X-ray is the oldest and most frequently used form of medical imaging. X-rays can produce diagnostic images of the human body on film (conventional radiography) or on computer monitor (computed radiography) that allow doctors to view and assess bones and soft tissues. Mammography is a specialized form of radiography.
How should I prepare for an x-ray?
There is no special preparation required for most bone x-rays. You may be asked to change into a gown before your examination and remove jewelry, eyeglasses and any metal objects during the exam.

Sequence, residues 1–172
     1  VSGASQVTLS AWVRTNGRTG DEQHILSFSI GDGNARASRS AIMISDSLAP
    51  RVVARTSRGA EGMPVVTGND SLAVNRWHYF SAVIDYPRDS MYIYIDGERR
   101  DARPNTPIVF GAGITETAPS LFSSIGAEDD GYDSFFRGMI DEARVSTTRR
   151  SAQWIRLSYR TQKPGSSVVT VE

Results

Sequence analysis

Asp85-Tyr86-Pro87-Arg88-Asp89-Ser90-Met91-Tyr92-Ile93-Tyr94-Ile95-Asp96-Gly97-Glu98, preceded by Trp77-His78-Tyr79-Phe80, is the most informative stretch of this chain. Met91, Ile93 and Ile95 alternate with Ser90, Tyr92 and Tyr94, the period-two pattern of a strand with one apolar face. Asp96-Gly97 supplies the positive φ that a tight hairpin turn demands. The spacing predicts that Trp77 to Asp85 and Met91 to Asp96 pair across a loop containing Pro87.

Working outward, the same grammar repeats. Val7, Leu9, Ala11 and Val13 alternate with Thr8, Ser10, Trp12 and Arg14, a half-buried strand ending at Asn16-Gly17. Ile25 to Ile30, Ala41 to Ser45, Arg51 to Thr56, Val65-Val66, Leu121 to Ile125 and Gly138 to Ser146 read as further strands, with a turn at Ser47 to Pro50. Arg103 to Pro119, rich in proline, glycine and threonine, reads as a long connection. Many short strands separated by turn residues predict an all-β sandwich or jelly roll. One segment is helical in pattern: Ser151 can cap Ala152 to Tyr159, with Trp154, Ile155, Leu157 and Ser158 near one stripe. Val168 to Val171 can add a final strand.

Women should always inform the technologist if there is any possibility that they are pregnant.
What can I expect during this procedure?
An x-ray exam usually takes five minutes to half an hour.
You might be positioned standing or sitting, or perhaps lying down on an x-ray table, depending on exactly the type of exam or the body part being imaged.
Cushions or supports may be used to help you hold the proper position.
Then the technologist steps behind a radiation barrier and asks you to hold very still, and may ask you to hold your breath for a few seconds.
The x-ray equipment is activated, and the x-rays penetrate the body part and are detected after they exit by a special detector device.
The technologist then repositions you for another view, and the process is repeated as necessary.
When your x-rays are completed you will be asked to wait until the technologist checks the images. Sometimes the radiologist will ask for additional views.